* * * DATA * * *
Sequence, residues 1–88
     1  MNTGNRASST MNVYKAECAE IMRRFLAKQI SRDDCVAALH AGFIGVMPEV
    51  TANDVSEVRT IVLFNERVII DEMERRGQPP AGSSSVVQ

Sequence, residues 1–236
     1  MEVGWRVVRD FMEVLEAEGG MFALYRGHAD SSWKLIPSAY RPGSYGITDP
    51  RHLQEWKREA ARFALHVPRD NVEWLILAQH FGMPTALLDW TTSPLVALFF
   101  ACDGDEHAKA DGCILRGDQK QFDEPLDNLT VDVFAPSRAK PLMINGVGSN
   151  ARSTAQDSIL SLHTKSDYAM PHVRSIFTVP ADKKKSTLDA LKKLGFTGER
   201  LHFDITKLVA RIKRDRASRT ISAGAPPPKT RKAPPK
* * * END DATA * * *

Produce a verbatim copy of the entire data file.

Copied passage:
Sequence, residues 1–88
     1  MNTGNRASST MNVYKAECAE IMRRFLAKQI SRDDCVAALH AGFIGVMPEV
    51  TANDVSEVRT IVLFNERVII DEMERRGQPP AGSSSVVQ

Sequence, residues 1–236
     1  MEVGWRVVRD FMEVLEAEGG MFALYRGHAD SSWKLIPSAY RPGSYGITDP
    51  RHLQEWKREA ARFALHVPRD NVEWLILAQH FGMPTALLDW TTSPLVALFF
   101  ACDGDEHAKA DGCILRGDQK QFDEPLDNLT VDVFAPSRAK PLMINGVGSN
   151  ARSTAQDSIL SLHTKSDYAM PHVRSIFTVP ADKKKSTLDA LKKLGFTGER
   201  LHFDITKLVA RIKRDRASRT ISAGAPPPKT RKAPPK